31. Amplitude: OPC • Optical Proximity Correction (OPC)modifies layout to compensate for process distortions • Add non-electrical structures to layout to control diffraction of light • Rule-based or model-based

  32. Dense CD window Exposure Iso CD window Defocus OPC: Assist Features • SRAF = Sub-Resolution Assist Feature ≡ SB = Scattering Bar ≡ Assists • SRAFs make isolated lines “behave” as dense • SRAF are not supposed to be printed on wafer but exist on mask Process Overlap Window Iso-window after SRAF insertion

  33. Phase shifter Phase: PSM • Phase Shifting Masks (PSM) etch topography into mask • Creates interference fringes on the wafer Interference effects boost contrast Phase Masks can make extremely small gates phase shifting mask conventional mask glass Chrome Electric field at mask Intensity at wafer

  34. 0 + = 180 180 Double-Exposure Bright-Field PSM

  35. shifters The Phase Assignment Problem • Assign 0, 180 phase regions such that critical features with width < B are induced by adjacent phase regions with opposite phases 0 180 <B

  36. Key: Global 2-Colorability • Odd cycle of “phase implications” ® layout cannot be manufactured • layout verification becomes a global, not local, issue ? 180 0 180 180 0 180

  37. Phase Assignment for Bright-Field PSM • PROPER Phase Assignment: • Opposite phases for opposite shifters • Samephase for overlapping shifters Overlapping shifters

  38. Critical features: F1,F2,F3,F4 F2 F4 F1 F3

  39. F2 F4 F1 F3 Opposite-Phase Shifters (0,180)

  40. S3 F2 S4 S8 F4 S7 S1 F1 S2 S5 F3 S6 Shifters: S1-S8 PROPER Phase Assignment: • Opposite phases for opposite shifters • Same phase for overlapping shifters

  41. Phase Conflict S3 F2 S4 S8 F4 S7 S1 F1 S2 S5 F3 S6 Phase Conflict Proper Phase Assignment is IMPOSSIBLE

  42. Conflict Resolution: Shifting S3 F2 S4 S8 F4 S7 S1 F1 S2 S5 F3 S6 Phase Conflict feature shifting to remove overlap

  43. Conflict Resolution: Widening S3 F2 S4 S8 F4 S7 S1 F1 S2 F3 Phase Conflict feature widening to turn conflict into non-conflict

  44. Minimum Perturbation Problem • Layout modifications • feature shifting • feature widening  area increase, slowing down  manual fixing, design cost increase • Minimum Perturbation Problem: Find min # of layout modifications leading to proper phase assignment. [Kahng et al. ASPDAC 2001]

  45. OPC Fracture Mask Mask Costs(1) Design Mask Cost  Data Volume OPC, PSM, Fill  increased feature complexity  increased mask cost Figure courtesy Synopsys Inc.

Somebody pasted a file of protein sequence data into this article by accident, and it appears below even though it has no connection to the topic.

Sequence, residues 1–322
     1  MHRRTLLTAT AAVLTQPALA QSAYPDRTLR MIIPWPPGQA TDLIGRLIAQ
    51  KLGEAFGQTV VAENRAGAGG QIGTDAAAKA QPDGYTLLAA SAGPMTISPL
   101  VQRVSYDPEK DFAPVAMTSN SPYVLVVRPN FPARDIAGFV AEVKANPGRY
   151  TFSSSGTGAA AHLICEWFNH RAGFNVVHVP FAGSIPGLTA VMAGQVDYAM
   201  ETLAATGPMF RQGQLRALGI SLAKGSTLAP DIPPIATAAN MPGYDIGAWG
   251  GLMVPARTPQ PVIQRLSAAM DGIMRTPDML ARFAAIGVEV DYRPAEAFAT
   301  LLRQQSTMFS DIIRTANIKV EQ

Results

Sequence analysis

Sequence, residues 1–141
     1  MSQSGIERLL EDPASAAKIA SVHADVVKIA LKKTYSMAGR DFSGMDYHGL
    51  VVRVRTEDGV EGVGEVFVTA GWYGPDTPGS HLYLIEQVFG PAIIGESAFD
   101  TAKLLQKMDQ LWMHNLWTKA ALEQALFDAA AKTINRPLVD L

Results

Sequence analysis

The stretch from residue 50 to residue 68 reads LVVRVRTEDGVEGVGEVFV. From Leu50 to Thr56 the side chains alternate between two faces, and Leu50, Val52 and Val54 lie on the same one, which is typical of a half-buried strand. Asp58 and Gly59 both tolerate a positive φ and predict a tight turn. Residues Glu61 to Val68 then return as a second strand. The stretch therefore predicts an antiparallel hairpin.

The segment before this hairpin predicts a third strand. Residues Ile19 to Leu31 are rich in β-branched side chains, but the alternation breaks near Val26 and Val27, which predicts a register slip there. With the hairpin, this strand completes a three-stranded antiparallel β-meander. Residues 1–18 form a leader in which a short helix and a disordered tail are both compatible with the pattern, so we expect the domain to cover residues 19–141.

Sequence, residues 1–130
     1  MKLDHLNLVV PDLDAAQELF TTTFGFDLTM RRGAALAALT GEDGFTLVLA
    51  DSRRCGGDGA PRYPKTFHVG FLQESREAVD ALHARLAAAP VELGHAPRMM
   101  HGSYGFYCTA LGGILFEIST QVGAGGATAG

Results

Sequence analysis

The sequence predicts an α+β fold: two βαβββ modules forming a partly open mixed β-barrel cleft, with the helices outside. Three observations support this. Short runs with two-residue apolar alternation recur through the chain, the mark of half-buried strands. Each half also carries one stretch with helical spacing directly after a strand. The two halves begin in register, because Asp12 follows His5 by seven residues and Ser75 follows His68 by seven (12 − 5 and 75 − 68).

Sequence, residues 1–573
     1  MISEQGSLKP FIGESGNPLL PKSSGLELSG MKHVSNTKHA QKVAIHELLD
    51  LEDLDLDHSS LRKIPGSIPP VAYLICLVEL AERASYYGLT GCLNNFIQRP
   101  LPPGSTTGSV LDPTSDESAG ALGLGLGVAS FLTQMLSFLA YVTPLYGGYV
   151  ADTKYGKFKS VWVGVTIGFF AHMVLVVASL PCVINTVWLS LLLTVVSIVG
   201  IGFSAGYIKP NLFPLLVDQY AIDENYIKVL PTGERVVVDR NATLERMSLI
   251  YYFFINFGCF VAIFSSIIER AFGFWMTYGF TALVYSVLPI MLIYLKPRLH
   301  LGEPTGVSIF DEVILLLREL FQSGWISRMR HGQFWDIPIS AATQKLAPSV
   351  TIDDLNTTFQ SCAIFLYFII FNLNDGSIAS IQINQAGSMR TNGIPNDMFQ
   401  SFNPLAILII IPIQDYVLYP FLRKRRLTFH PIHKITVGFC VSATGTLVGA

46. Mask Costs(2) Half of all mask sets used for < 570 wafers (< 100K parts) Vector scan: Write cost proportional to feature complexity Difficult to inspect, verify masks!

  47. Manufacturing Yield • IC manufacturing process affected by random disturbances • different silicon dioxide growth rates, mask misalignment, drift of fabrication equipment operation, etc…. • These disturbances are often uncontrollable and affect the circuit performance • Yield: percentage of manufactured products that pass all performance specifications • Parametric yield (process variations) • What is the performance of the manufactured chips? • Catastrophic or functional yield (defects) • How many chips work?

  48. Process Variation Taxonomy • Spatial scale: • Die-to-Die or Inter-Die. E.g. Focus, etch • Within-Die or Intra-Die. E.g. lens aberration, diffraction effects • Nature: • Random. E.g. batch-to-match material variation • Systematic. E.g. diffraction-based proximity effects • Systematic but difficult to model variations  random

  49. Process Variation Sources • Wafer: topography, reflectivity • Reticle: CD error, proximity effects, defects • Stepper: Lens heating, focus, dose, lens aberrations • Etch: Power, pressure, flow rate • Resist: Thickness, refractive index • Develop: Time, temperature, rinse • Environment: Humidity, pressure

  50. Simulation of Variation • Value X for a given parameter for a device i in path j in the kth Monte-Carlo run is given by • RAN-WID: Random within-die variation • RAN-DTD: Random die-to-die variation • SYS-WID: Systematic within-die variation • SYS-DTD can not be accounted for at die-scale